evolving supply chains

Barriers and Risks to Supply Chains

Some of the typical barriers and risks to the supply chain are:


However, just digitizing the inefficient business processes will not be of any help. The internal business process has to be transformed so that it is in sync with state-of-the-art digital technologies. SMEs also face difficulties, such as limited technology availability as IT solutions focus primarily on large manufacturers’ needs, lack of adequate resources like human capital and internal resources, and inadequate finance in adopting these technologies.

Current state of supply chains in developing economies

State of Supply Chains in Latin American region

Evolution is at a rudimentary stage

  • The 4IR Transformation of the supply chain is still at a rudimentary stage in the Latin American and Caribbean regions. MNCs and large “multilatinas” have a higher level of implementation compared to the other enterprises.

  • A survey conducted by the National Confederation of Industries of Brazil in 2017 indicates a deep understanding of Industry 4.0, including the 4IR transformation of the supply chain. 4IR technologies are expected to improve relationships with suppliers using real-time monitoring of orders and logistics via web services.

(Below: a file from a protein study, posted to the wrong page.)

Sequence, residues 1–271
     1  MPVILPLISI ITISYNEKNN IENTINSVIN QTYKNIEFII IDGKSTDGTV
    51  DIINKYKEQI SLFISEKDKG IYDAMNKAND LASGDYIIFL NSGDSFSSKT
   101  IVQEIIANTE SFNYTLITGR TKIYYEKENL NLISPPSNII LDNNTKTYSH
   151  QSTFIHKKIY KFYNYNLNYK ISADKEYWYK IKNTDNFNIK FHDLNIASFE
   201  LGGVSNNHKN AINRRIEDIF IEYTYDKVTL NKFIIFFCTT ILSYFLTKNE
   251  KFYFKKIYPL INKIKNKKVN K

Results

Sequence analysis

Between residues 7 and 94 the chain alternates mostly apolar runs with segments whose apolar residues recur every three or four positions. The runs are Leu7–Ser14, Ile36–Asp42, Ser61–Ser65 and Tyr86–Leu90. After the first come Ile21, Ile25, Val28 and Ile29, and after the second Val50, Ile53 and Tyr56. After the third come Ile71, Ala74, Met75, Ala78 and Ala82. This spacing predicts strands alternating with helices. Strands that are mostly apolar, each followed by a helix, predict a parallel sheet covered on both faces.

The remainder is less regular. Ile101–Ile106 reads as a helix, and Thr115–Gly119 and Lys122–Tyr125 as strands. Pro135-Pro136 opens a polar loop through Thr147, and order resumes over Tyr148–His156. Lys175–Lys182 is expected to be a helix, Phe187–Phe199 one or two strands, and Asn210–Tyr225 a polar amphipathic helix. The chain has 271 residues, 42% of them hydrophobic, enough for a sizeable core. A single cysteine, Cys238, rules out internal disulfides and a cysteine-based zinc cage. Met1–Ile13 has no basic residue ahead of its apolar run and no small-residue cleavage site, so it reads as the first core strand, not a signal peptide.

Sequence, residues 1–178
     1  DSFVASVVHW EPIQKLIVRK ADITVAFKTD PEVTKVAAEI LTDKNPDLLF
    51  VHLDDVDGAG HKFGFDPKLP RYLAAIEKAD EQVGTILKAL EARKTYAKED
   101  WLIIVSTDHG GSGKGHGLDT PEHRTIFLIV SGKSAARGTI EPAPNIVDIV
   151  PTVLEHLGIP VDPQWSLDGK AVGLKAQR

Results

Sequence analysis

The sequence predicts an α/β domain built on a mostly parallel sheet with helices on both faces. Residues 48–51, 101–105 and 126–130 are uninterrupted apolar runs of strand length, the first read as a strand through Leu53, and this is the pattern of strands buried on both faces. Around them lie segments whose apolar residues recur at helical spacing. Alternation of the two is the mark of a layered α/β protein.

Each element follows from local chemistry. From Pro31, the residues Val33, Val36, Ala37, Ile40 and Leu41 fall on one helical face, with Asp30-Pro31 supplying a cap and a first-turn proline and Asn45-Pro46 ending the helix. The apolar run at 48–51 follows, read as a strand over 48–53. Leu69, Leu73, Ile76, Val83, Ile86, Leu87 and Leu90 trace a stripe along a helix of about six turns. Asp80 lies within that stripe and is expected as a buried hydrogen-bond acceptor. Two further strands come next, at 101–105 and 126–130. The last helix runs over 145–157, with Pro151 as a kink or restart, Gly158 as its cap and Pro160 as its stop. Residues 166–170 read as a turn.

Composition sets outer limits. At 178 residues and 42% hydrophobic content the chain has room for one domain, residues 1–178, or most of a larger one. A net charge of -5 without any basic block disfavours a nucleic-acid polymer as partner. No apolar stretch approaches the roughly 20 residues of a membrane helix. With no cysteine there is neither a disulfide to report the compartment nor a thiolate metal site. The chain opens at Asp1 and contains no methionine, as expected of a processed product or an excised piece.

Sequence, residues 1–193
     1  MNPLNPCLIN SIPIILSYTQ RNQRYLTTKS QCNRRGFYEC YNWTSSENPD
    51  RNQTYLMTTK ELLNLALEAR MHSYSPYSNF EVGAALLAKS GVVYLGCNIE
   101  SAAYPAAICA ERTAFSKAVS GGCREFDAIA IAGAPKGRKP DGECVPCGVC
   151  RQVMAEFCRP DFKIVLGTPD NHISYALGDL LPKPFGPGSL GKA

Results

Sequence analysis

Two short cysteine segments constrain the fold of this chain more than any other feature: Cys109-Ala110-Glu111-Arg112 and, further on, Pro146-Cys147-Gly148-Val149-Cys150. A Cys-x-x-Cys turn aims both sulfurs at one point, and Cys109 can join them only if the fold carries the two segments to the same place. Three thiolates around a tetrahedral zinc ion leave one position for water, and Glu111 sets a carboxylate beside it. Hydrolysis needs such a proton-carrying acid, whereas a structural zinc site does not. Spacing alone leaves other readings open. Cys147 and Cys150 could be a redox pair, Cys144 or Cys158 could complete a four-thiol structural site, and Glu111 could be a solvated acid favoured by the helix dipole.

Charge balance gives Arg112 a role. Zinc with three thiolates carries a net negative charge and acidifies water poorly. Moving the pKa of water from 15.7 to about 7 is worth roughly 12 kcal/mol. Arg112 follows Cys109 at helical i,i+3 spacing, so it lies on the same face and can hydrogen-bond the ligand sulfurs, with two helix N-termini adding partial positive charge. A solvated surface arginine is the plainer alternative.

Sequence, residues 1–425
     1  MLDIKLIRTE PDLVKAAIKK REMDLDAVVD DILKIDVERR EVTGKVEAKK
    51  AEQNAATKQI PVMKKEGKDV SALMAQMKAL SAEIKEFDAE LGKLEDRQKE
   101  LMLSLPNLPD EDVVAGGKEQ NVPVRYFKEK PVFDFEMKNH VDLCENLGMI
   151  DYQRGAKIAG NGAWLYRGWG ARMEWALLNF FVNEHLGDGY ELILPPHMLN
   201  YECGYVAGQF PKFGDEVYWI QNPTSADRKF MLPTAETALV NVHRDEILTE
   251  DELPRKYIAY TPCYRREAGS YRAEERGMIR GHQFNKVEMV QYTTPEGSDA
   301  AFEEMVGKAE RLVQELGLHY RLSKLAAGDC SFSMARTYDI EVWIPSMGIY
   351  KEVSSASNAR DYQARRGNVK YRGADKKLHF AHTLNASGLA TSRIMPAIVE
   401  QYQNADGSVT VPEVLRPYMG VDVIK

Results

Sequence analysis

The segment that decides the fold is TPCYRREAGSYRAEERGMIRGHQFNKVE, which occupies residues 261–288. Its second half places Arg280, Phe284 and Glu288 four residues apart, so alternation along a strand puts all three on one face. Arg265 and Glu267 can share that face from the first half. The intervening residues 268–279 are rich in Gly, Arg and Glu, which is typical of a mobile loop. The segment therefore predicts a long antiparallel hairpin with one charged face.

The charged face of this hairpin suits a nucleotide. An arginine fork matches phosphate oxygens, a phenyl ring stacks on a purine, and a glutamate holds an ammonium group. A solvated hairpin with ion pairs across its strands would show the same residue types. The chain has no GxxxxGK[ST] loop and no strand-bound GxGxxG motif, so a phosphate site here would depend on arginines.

Automotive supply chain leading the way

  • The automotive supply chain in Latin American countries is the industry leader when it comes to streamlining or transformation of supply chains. Mexico leads the way (due to its geographic proximity to the U.S. original equipment manufacturers), followed by Brazil, Argentina (low-scale implementation due to adverse economic context), and Colombia (owing to the country’s smaller market size).

  • The textile supply chain is at the bottom among all the industries in the supply chain transformation process. However, Mexico and the Dominican Republic lead owing to the economic importance of the “maquiladora” sector14 in both the countries.